Indeed, the UAE trial, called 4Humanity, was a triumph of management and community mobilization. A convention center in Abu Dhabi was converted into a recruitment and vaccination hub open for long hours. Politicians and other prominent citizens signed up for the trial, and social media were awash with people’s #4Humanity stories and pics. Within a month, Sinopharm’s UAE partners had recruited 15,000 people to test the two vaccines; by the first week of October, they had 31,000. Thousands were outfitted with wearable devices that could supposedly track signs of Covid in your breathing patterns while asleep; and according to media reports, participants were getting tested for infection every two weeks. We don’t know for sure exactly how this work was carried out, because the protocol for the trial hasn’t been released. One thing’s certain, though: the amount of data is potentially enormous. When the UAE began offering the vaccines to its frontline workers and others under an emergency use authorization in September, it came with strict requirements: You had to agree to make follow-up visits every couple of days for more than a month, and then check in from time to time by phone for half a year.
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There was just one hitch. The UAE kept the coronavirus under control. The country’s Covid mortality rate is substantially less than one-tenth of that seen in the US; and it’s running more Covid tests, per capita, than almost any other nation in the world. That’s good news for the Emiratis, but it also dashed any hopes of getting rapid trial results for the Sinopharm vaccines. They kept expanding their trial, in Bahrain, Egypt, and Jordan, till they had 45,000 participants. But if there had been as much coronavirus circulating in the UAE since July as there was in the US and Brazil, the 4Humanity trial could well have been the first to report its findings to the public.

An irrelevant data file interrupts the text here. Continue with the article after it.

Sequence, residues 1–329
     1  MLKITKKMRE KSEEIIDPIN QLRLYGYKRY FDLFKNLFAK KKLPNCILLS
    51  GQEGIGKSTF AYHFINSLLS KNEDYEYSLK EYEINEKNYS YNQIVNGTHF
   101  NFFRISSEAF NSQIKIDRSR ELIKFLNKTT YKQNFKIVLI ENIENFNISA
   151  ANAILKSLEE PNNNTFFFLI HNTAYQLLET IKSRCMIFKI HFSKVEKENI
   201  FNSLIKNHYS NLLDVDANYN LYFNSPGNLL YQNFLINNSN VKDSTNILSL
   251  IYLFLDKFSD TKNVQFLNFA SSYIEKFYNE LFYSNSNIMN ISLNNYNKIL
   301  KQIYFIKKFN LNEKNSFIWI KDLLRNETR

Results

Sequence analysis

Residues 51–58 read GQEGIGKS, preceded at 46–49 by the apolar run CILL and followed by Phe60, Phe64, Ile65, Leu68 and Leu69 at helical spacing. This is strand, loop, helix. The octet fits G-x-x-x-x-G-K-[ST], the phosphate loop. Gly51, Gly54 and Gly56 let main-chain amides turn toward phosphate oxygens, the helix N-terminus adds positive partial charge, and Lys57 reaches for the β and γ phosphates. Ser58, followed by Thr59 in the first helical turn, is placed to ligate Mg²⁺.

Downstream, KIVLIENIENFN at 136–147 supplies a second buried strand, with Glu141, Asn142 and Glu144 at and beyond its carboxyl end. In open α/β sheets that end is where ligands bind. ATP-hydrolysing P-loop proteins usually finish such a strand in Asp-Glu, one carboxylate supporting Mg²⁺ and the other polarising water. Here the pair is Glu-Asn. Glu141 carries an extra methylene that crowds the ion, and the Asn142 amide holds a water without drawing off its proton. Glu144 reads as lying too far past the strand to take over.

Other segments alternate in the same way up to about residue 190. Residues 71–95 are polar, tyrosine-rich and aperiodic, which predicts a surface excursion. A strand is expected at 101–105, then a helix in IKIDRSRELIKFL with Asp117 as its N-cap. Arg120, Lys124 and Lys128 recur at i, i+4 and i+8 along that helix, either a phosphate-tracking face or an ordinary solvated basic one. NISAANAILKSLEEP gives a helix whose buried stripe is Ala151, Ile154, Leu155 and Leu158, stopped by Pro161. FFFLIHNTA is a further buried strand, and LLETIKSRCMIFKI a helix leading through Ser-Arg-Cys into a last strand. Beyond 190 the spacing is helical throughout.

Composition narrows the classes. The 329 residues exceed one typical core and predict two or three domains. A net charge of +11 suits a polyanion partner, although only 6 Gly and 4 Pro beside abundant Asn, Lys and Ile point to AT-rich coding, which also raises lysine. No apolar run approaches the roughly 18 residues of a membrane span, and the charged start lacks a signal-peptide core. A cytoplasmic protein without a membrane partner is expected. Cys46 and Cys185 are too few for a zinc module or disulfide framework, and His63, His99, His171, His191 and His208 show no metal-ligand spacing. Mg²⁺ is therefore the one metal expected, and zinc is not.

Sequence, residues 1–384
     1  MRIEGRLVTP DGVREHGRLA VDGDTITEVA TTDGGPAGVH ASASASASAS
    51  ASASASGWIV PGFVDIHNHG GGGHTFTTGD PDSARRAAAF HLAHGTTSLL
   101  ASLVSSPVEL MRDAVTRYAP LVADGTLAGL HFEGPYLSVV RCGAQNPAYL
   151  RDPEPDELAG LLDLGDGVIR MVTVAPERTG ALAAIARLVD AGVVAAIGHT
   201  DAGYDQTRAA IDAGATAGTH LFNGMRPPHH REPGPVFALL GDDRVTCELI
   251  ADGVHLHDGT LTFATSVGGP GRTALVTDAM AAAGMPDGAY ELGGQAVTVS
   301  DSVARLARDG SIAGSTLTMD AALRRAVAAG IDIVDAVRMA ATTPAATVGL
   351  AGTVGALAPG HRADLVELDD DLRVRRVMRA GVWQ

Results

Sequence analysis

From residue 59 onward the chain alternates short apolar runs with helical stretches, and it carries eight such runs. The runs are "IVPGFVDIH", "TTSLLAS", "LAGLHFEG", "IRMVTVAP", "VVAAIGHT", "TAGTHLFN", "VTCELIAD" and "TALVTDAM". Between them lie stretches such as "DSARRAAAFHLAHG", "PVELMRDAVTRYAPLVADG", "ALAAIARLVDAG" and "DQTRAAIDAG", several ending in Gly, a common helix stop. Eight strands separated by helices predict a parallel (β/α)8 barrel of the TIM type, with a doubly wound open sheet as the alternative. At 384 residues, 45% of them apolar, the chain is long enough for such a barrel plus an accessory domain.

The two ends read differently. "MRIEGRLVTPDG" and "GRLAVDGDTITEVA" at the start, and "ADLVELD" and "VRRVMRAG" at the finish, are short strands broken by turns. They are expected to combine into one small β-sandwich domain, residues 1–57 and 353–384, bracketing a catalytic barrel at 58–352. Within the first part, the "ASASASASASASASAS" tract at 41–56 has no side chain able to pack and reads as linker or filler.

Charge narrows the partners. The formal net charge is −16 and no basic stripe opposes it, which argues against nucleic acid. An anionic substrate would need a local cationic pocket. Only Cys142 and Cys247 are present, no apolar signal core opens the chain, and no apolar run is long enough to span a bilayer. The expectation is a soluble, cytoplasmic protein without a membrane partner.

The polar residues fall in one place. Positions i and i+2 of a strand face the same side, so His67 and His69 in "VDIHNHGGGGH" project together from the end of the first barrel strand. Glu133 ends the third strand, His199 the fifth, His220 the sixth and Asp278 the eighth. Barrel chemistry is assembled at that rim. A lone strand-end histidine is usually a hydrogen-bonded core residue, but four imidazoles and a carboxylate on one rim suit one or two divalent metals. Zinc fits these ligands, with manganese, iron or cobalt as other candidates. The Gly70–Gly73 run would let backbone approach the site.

What’s more, those results might have ended up looking pretty good. On Dec. 9, the UAE issued full approval to one of the Sinopharm vaccines on the basis of an interim analysis, reporting that its efficacy was 86 percent with a low rate of adverse events. The results to back that up haven’t yet been released, and it’s not clear when they might be public. Sinovac, too, reportedly had interim results in November, and the results from a trial in healthcare workers in Brazil are due to be made public today.
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In other words, the efficacy of at least one inactivated vaccine from China could be close to Pfizer-BioNTech and Moderna’s. The Chinese vaccines also have the advantages of being made by conventional vaccine facilities, easier to distribute and less prone to causing unpleasant side effects. (Sometime in the future, mRNA vaccines might be easier to produce, but not yet.) And crucially, if inactivated vaccines are able to prevent disease, that fact might have been known first—the clinical research already completed—but for the happenstance that Covid was well-controlled in the UAE, and tragically unchecked in the US. If things had gone the other way, even more of the world would be scrambling to get inactivated vaccines and wondering (prematurely) what had gone wrong with the new-fangled mRNA vaccines and why Europe and America had “failed.”
For the moment, though, the American and European media are mostly focused on a white-savior vaccine narrative. Even as the first doses of the Pfizer-BioNTech and Moderna vaccines are given out, many more are now (or soon will be) in phase 3 trials. Almost half of these candidates come from China, India or Japan; and many are inactivated vaccines. These simpler vaccines have their drawbacks, especially when it comes to biosafety: There’s a risk of not-completely-inactivated batches if quality control isn’t adequate, for example, or of virus containment breakdown at a manufacturing facility. A slower timeline for development, though, did not stand in the way.